Oct. 27, 2011 at 10:43 AM ET
That sinking feeling in your gut? Don’t worry: it’s probably appropriate for our times. It may be due to your foundering finances, your slippery hold on employment, or the sudden realization that you love “Glee” just a bit too much.
For the medical record, however, a nagging anticipation that something wicked this way comes is a listed warning sign for at least eight illnesses or conditions.
Heart attacks, aortic dissections, adrenal gland tumors, some seizures and severe allergic reactions all share one clairvoyant-sounding symptom: “an impending sense of doom.”
One form of epileptic seizure may offer the best case study to explain this amorphous, dark disquiet, this brand of bad-health ESP. That’s because these seizures – abrupt surges of electricity activity within the brain – occur in a lower, middle swath known to fuel this apocalyptic vibe.
“The temporal lobe involves the emotional circuitry of the brain,” says Dr. David Ko, chief of neurology and director of the EEG Lab at the Los Angeles County + USC Medical Center. “Some patients with temporal lobe epilepsy get this psychic or emotional component.
“They get this panicky feeling that something really bad is going to happen,” says Ko, who co-authored a recent article, that touched on this eerie symptom. “Some people have describe it as being like an impending sense of doom.”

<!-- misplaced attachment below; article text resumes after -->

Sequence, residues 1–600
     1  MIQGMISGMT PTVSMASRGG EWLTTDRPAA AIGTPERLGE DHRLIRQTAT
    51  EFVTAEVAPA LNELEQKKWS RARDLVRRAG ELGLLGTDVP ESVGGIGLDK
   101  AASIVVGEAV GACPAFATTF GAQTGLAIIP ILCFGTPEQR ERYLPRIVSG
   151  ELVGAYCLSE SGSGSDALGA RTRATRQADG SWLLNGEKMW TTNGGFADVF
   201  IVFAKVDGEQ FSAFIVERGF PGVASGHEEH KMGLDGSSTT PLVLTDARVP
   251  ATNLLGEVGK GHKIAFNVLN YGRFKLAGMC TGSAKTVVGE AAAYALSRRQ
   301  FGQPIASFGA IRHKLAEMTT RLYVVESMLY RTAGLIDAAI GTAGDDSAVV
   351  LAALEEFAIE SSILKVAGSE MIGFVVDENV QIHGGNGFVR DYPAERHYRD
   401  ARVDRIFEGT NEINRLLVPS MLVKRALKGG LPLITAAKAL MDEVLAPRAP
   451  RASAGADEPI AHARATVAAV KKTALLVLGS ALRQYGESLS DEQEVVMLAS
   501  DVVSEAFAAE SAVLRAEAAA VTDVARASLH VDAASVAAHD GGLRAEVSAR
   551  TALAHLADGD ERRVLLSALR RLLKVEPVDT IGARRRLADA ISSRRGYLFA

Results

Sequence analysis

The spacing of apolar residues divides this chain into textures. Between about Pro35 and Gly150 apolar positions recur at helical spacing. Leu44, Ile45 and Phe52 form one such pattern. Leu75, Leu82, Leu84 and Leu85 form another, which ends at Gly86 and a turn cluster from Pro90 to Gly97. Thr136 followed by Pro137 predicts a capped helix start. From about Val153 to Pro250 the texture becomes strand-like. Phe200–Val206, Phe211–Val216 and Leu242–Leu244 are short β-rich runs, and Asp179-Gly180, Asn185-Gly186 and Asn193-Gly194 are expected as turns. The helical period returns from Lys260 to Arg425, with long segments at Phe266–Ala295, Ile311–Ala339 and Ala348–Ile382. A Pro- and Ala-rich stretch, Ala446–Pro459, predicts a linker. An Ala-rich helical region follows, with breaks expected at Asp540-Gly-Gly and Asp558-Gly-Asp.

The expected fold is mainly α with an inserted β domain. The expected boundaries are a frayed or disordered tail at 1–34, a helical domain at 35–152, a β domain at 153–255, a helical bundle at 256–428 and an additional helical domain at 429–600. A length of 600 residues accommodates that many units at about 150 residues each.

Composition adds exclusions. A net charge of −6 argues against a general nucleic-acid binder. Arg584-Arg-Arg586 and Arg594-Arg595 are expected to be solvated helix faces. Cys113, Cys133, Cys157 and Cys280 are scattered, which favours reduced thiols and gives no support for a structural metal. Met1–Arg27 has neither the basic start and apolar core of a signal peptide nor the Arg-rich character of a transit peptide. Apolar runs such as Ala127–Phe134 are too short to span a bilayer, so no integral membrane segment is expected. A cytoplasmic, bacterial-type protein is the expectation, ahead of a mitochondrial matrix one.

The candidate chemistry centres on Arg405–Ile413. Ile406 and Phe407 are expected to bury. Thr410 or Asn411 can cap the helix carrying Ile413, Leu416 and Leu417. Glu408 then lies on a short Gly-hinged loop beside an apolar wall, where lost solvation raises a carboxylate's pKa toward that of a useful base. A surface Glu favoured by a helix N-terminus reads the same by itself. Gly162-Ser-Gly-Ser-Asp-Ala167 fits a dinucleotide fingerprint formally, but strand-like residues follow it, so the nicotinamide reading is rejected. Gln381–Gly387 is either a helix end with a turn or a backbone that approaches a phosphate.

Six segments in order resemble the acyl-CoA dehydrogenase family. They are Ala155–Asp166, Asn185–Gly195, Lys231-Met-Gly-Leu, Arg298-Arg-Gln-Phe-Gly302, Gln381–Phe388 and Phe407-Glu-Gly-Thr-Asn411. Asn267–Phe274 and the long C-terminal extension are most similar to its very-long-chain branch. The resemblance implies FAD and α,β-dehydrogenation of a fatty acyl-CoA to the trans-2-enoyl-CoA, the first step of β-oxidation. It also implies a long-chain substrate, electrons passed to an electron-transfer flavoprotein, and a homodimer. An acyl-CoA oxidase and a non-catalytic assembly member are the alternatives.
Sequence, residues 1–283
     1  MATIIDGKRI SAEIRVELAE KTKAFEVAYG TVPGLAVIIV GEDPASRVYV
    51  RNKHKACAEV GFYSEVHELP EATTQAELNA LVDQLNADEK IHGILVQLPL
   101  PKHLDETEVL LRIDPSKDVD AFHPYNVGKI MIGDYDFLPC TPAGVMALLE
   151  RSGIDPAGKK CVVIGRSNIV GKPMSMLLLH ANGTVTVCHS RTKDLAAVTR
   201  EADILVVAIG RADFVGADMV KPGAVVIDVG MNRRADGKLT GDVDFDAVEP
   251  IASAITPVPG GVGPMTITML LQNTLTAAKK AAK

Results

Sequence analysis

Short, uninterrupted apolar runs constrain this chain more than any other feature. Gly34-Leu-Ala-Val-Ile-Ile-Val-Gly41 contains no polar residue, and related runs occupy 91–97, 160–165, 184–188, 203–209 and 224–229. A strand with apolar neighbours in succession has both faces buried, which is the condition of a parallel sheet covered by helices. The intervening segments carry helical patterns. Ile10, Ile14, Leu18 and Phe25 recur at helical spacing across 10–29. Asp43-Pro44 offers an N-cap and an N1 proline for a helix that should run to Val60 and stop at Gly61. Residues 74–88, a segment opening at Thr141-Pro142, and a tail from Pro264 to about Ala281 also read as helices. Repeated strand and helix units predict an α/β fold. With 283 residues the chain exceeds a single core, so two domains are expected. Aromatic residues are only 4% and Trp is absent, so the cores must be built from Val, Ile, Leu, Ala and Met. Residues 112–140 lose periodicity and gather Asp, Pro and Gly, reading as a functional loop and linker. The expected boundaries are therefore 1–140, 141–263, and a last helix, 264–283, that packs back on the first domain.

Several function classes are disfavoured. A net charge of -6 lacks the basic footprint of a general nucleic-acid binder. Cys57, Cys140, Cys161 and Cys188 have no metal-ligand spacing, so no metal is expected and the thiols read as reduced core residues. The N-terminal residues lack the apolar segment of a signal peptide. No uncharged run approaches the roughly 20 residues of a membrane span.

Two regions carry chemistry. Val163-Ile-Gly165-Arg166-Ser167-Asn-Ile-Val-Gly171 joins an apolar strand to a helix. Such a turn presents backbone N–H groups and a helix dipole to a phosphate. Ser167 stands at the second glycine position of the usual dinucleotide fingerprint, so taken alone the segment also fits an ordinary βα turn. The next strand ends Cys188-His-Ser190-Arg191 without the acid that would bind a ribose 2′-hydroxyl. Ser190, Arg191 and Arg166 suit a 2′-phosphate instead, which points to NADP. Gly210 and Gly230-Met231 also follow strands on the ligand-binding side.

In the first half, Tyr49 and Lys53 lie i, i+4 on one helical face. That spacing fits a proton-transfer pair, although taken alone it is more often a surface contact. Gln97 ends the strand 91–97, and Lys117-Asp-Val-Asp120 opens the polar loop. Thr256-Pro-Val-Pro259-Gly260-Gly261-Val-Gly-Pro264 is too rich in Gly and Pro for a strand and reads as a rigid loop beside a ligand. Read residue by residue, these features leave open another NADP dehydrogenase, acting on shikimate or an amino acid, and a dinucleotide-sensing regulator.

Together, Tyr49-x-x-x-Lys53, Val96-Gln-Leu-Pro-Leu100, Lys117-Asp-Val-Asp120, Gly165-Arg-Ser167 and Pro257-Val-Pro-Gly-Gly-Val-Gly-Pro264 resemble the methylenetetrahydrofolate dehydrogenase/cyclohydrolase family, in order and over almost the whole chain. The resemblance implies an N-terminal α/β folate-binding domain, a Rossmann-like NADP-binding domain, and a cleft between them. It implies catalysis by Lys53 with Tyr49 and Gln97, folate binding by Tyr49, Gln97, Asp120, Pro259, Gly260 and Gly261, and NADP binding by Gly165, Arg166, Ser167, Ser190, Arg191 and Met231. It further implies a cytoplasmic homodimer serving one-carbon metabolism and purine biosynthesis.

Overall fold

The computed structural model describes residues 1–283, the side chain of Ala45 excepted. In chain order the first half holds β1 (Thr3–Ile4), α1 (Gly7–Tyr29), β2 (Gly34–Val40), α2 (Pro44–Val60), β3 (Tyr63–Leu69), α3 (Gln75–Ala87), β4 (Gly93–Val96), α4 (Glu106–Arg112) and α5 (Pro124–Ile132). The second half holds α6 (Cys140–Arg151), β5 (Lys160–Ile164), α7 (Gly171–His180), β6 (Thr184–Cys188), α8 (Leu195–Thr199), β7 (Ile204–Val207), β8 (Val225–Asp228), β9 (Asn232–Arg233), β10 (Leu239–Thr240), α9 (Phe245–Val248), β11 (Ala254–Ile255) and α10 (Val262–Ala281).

Such seizures are not sparked by actual stimuli. And, he adds, they are far different from panic attacks – anxiety disorders that include feelings of approaching calamity but which typically peak after 10 to 20 minutes. Seizures sparked by temporal lobe epilepsy “have a discrete beginning and end, one or two minutes,” Ko says.
But why would heart attacks or instances of abrupt bleeding into and along the wall of the aorta (the main artery pushing blood out of the heart) lead to this same Doomsday sensation?
“If you’re having any chest pain, you get very anxious. The circulatory system is part of the (brain’s) emotional system,” Ko explains. “If you think you are having a heart attack, the heart starts racing, your blood pressure goes up.”
This sends neurotransmitters – chemical messengers -- surging toward receptors in the temporal lobe, igniting a vague but an urgent alarm: “Uh oh….”
Allergic reactions – including those caused by certain foods or wildlife stings – can similarly set off the body’s “fight or flight” neural-response, and light up those same communication pathways.
At least one famous work of literary fiction tapped into this irrational feeling of looming disaster, Ko notes. In his famous book, “The Idiot,” 19th century Russian writer Fyodor Dostoyevsky created a main character who suffers from epileptic seizures.
“That character had that sense of doom,” Ko says. “Dostoyevsky is a well known person who had epilepsy. He wrote about his symptoms. And obviously, his work is very dramatic and (the general mood of his tales) is not a pleasant one.”
Bill Briggs is a frequent contributor to msnbc.com and author of “The Third Miracle.”